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Thread: "Why the .45 ACP Failed"

  1. #181
    Member Galbraith's Avatar
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    Sep 2018
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    Missouri
    Quote Originally Posted by Balisong View Post
    Galbraith-
    Can you expand on your findings with the vehicle shoots you referenced in regards to choosing .40 or .45 over 9?
    We did a car shoot-up 4 times when I was at my duty station in Oklahoma. We had a late 90s F150, a early 2000s Camaro, an early 2000s Impala, and a late 2000s Civic. We got a bunch rejected windshields(cracked/damaged) from our local glass installer, and over-laid fresh windshields over the vehicle as they got too shot-out to be useful. We first setup targets outside the vehicle to allow officers to shoot from the vehicle(simulating shooting from a patrol vehicle). Then we setup targets inside the vehicle to simulate shooting at targets inside the vehicle. Lastly, we shot up the vehicle at various points to see what a particular load would do to sections. We set up sand bags filled with shredded recycled tires to catch bullets, and setup up old Kevlar vests as well. We used what duty ammo we had on hand which included Speer Gold Dot, Winchester Ranger Bonded, and Federal Tactical Bonded. We did some .223, .308, and 12 gauge as well.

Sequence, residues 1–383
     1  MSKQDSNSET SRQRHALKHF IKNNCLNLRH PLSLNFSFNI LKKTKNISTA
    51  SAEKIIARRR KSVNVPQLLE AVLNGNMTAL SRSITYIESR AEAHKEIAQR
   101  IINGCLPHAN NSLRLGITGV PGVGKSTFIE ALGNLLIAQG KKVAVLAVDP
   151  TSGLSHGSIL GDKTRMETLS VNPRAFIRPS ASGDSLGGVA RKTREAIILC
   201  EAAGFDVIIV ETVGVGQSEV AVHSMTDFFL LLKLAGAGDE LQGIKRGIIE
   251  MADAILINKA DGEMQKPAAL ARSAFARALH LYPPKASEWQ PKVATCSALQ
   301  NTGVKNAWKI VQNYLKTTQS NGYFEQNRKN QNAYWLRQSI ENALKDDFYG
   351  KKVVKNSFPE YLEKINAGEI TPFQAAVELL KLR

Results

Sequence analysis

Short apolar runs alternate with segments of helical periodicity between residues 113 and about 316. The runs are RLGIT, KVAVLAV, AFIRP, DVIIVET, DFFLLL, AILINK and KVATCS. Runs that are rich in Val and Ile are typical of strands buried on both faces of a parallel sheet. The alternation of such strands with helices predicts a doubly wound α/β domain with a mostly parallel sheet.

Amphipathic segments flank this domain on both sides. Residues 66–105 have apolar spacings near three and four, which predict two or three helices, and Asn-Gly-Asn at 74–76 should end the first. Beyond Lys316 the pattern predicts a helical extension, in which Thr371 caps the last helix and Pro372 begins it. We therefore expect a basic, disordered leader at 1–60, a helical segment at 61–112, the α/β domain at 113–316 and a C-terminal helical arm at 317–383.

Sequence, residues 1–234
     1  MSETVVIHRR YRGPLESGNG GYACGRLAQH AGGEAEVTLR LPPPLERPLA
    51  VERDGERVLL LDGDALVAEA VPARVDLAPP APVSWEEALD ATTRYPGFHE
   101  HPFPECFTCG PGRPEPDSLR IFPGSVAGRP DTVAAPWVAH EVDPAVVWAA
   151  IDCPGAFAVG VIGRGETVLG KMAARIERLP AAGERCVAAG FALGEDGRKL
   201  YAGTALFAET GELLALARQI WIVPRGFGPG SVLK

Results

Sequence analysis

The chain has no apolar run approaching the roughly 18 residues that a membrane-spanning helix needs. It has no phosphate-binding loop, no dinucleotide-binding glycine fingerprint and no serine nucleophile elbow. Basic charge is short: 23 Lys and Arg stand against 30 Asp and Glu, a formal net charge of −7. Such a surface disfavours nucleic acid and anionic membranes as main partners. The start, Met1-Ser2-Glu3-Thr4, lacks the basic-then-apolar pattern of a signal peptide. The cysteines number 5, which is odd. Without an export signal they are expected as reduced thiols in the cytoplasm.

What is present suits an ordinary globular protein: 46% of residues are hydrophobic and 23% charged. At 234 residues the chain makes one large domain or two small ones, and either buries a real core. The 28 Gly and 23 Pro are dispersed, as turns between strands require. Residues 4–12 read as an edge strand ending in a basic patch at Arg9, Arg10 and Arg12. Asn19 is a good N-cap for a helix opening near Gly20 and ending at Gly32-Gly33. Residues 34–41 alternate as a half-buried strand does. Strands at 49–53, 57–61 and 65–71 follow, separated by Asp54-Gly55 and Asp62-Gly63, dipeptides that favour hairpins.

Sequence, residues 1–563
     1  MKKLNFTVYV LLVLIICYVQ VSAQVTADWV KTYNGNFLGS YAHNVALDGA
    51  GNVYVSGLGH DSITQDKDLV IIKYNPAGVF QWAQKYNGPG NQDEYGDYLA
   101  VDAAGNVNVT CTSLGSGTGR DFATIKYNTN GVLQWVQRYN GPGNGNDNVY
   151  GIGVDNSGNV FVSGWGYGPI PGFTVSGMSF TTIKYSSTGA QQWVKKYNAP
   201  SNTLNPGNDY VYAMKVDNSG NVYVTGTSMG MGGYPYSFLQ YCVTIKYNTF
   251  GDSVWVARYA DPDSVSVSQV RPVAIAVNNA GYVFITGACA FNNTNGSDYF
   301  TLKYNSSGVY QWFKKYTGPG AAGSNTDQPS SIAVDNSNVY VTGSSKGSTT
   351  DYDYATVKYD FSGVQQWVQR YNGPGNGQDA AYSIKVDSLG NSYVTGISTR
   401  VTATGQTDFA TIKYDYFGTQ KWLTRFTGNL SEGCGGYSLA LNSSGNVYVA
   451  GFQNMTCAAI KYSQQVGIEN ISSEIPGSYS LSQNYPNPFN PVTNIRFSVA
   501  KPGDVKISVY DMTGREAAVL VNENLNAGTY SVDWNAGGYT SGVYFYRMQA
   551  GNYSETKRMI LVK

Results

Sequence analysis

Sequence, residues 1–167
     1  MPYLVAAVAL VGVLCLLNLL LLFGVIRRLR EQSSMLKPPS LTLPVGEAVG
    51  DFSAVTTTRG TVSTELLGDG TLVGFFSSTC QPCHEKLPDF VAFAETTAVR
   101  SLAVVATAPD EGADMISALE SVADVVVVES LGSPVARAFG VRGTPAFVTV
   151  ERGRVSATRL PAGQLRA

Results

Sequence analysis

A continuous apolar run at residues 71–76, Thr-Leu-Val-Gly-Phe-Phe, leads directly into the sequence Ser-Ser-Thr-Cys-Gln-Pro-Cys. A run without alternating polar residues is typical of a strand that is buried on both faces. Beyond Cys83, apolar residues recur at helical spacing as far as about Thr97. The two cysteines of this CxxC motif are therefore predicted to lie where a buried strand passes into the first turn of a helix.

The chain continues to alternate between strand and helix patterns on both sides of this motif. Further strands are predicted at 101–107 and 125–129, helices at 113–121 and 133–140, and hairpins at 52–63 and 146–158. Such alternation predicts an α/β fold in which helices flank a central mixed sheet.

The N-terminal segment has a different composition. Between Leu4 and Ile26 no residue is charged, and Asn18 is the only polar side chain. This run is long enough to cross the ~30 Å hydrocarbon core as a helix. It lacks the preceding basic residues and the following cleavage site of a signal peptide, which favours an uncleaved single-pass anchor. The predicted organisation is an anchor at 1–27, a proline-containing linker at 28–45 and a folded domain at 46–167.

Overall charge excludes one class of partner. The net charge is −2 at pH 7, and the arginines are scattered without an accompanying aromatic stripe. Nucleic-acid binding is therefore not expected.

When it came to shooting through windshields, we found that the deflection of the bullet was different between the calibers. There was very minimal deflection if you were shooting straight into the glass, simulating the FBI's 45 degree angle, but if your target was off-center then the angle and curvature of the windshield caused major deflection. Generally bullets fired into a vehicle windshield deflect down, and bullets fired out of a vehicle deflect up...….but when you move off-center they start deflecting left-right too. In most scenarios of shooting into a vehicle, it was less common to shoot head-on into the windshield than to be off-center. Also, when we shot into the Camaro windshield the deflection angle was more acute than 45 degrees and we saw much greater deflection. The .40S&W loads faired the best with the least deflection and best penetration into the shredded tire sand bags. The .45 loads did second best. The 9mm loads tended to perform the worst including a few projectiles that bounced off the shredded tire sand bags instead of penetrating them. We also noticed that the 9mm projectiles were more damaged than the heavier calibers. We figured it had to do with the long ogive of the 9mm hollow point. The petals of the HP are much longer and thinner than the .40 or .45.....so likely less durable due to less metal. We shot a few rounds of .357mag Gold Dots as well just for the hell of it, and it faired almost as well as the .40 against windshields. I think this was due to the short hollow point ogive on the .357 which appears to be more durable than the 9mm.